• 58 Motivation  The facilitator may introduce a character named Roy G. Biv. Ask students whether they are familiar with the character. Ask them also if there is a connection between the character and the lessons. Ask the students if they could guess some information or concept from the name of the character. If the students recognize the colors of light then ask key question no. 3. Follow it up by the 1st 2 key questions.  As a brief review, introduce the concept of apparent depth and the concept of refraction of light. Have a recall of the equation for index of refraction and let them do Activity No. 1.  Introduce the concept of dispersion as a special kind of refraction. Let them perform Activity no. 2 which will give students more information about how visible light refracts in different optical densities resulting to different colors of light. This activity is composed of two parts. One makes use of locally available materials while the other makes use of the standard materials like prism and artificial source of light. A comparison of the two may be highlighted during the discussion of results.  The facilitator may let the students present their outputs per group and processing be done after all the groups have presented by culling ideas and concepts from the presented data and probing students to arrive at the concept of colors of light.  From the students’ outputs in Activity No. 2, the facilitator may ask why a certain hierarchy of colors of light is observed. Then introduce Activity No. 3 and let the students perform the activity to determine which is really more bent: the red light or the violet light. This will be explicitly described by the students during the processing when they present their outputs which would include the relation of the bending and the index of refraction of the color of light.
  • 59  The facilitator may let the students present their outputs per group and processing be done after all the groups have presented by culling ideas and concepts from the presented data and probing students to arrive at the concept that blue is bent more or violet is bent more than red light.  Then ask the students which color of light gives the most energy. Let them predict – red or violet light. Let them perform Activity No. 4. The facilitator may let the students present their outputs per group and processing be done after all the groups have presented by culling ideas and concepts from the presented data and probing students to arrive at the concept that blue or violet has the highest energy and red has the least.  Ask the students on which other characteristics of color of light does energy of colors depend on to introduce Activity No. 5. This activity was already done in Grade 7. The focus of the activity in Grade 7 was to identify the corresponding frequency and wavelength of the each color of light and the computation of the speed of each of the colors of light. This time the focus is on how energy relates to the frequency of the colors of light. From the given materials, students will be able to determine the relationship between frequency and the energy of the colors of light. Then the facilitator may ask which is really more bent the red light or the violet light?  Then ask them some inferences on how rainbows are formed. Ask them also some superstitious beliefs that the students are familiar of related to the existence of rainbows.  Let them identify all the major concepts they were able to grasp from activity nos. 1, 2, 3, 4, and 5 to build a concept on how rainbows are formed. Then let them do Activity No. 6.  Let the students present their outputs per group. Then go back to the key questions to be able to summarize the concepts on visible light.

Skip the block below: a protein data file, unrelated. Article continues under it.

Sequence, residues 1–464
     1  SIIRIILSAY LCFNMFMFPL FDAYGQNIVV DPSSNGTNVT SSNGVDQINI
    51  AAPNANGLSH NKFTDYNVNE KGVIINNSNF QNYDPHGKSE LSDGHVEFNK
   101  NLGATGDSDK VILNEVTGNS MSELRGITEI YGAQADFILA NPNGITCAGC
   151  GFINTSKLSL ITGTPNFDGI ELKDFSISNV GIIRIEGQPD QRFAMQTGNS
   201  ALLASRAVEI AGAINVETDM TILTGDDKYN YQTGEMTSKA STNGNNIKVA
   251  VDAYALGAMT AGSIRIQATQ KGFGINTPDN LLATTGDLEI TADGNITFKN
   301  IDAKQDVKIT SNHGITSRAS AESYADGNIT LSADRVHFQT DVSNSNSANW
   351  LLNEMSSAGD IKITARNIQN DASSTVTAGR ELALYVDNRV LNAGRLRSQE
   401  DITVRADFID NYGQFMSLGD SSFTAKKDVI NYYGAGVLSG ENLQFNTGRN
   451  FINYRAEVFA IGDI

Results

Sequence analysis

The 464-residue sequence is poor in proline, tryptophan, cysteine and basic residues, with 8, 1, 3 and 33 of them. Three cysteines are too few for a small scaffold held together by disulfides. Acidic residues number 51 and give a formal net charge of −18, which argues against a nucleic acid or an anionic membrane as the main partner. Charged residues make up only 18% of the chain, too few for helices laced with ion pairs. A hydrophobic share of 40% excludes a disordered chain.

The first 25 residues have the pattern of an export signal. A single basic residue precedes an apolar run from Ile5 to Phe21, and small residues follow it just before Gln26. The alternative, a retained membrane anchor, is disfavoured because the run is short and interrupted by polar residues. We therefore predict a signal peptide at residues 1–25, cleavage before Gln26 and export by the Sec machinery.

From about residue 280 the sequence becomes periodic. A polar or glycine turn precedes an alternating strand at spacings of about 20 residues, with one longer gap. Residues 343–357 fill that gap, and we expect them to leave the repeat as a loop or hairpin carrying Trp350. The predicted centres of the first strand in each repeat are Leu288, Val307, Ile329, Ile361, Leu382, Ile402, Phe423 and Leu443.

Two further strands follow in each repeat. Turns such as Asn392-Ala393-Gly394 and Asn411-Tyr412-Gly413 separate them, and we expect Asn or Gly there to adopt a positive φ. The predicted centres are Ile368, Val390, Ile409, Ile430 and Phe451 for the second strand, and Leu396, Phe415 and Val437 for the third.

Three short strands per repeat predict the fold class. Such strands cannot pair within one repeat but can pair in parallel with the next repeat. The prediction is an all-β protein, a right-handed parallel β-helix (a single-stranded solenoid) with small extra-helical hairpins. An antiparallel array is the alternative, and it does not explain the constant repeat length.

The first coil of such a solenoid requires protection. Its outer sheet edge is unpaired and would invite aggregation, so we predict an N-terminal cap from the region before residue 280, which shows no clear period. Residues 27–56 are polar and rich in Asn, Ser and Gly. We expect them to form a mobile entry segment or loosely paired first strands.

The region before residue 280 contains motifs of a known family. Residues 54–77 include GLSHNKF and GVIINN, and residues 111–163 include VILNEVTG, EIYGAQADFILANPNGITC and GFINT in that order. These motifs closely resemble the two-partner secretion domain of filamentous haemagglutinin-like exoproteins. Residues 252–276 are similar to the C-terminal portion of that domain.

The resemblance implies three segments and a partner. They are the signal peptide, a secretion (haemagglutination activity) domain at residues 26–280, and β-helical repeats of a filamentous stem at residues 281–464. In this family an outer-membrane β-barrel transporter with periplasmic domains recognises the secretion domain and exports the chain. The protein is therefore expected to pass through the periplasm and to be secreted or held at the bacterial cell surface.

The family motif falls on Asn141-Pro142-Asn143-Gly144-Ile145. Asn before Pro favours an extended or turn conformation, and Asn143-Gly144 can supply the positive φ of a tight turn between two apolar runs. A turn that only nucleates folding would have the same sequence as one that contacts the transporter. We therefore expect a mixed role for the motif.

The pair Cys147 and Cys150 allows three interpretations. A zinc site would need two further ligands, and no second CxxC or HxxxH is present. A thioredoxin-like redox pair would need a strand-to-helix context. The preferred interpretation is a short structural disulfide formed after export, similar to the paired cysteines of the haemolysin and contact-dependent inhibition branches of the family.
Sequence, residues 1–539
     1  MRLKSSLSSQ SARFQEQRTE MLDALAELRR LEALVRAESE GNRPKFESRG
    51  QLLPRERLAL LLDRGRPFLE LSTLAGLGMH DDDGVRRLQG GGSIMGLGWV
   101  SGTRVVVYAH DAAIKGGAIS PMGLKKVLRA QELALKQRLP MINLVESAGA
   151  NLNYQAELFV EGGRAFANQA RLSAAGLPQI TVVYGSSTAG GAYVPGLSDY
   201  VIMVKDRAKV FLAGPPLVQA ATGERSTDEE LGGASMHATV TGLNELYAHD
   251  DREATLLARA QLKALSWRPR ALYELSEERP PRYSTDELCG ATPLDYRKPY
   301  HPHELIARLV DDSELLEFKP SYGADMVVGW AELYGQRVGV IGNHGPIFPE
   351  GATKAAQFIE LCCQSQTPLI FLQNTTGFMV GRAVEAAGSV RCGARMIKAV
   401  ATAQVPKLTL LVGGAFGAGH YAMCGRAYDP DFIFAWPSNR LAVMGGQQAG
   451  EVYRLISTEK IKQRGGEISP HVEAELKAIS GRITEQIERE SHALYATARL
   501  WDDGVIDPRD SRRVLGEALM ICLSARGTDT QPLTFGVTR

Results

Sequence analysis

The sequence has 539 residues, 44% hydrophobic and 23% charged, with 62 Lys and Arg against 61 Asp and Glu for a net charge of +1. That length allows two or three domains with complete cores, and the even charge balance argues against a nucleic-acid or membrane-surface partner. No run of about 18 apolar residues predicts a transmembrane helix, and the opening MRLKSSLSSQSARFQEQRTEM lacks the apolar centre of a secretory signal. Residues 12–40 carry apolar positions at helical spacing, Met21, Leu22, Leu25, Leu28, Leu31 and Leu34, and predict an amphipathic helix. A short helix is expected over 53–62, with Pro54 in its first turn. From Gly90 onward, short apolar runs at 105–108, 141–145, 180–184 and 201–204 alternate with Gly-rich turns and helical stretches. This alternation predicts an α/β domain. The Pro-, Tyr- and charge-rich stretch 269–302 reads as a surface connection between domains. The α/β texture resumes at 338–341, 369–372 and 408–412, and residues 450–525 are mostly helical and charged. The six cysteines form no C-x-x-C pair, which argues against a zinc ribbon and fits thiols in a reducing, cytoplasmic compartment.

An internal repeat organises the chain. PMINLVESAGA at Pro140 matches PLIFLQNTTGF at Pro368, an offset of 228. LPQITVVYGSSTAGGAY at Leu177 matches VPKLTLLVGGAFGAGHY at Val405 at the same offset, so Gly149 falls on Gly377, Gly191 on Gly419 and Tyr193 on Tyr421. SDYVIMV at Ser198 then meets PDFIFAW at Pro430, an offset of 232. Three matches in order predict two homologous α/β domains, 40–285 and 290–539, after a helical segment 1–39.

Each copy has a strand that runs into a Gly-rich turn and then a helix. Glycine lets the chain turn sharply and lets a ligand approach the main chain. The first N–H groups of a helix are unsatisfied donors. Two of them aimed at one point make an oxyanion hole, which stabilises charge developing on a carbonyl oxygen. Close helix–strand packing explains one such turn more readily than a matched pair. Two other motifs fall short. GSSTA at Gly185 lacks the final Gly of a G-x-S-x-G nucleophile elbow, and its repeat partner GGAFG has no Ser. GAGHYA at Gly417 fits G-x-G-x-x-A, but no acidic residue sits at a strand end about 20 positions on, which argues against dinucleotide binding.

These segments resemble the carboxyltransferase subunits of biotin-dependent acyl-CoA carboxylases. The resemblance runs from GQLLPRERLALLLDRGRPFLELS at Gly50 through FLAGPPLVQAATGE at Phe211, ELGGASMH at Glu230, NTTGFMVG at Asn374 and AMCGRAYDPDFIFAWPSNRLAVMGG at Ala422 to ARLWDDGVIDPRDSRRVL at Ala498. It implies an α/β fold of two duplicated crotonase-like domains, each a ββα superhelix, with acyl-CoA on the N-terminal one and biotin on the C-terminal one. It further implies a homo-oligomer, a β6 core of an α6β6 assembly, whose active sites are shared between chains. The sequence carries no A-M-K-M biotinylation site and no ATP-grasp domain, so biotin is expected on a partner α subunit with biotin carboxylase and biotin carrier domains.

• 60 Answers to Questions: Q1. RED, ORANGE, YELLOW, GREEN, BLUE, VIOLET Q2. From Top to Bottom: Red, Orange, yellow, Green, Blue, Violet Q3. The refractive index of prism varies with the wavelength or color of the light used. This causes the different colors of light to be refracted differently. Then leave the prism at different angles, creating an effect similar to a rainbow Q4. Some colors visible in the prism were not observed in the water Q5. Small value for refractive index is observed in red and large refractive index for red Q6. The refractive indices of the different color of light indicate that light of different colors travels at different speeds in the prism which accounts for the different amounts of bending. Thus, blue light with greater refractive index refracts more and appears at the bottom of the red light Q7. Yes Q8. RED, ORANGE, YELLOW, GREEN, BLUE, VIOLET Q9. BLUE LIGHT Q10. The greater the refractive index of the color of light, a greater bending is also observed. Red vs Violet... Activity 3 The colors of the rainbow Activity 2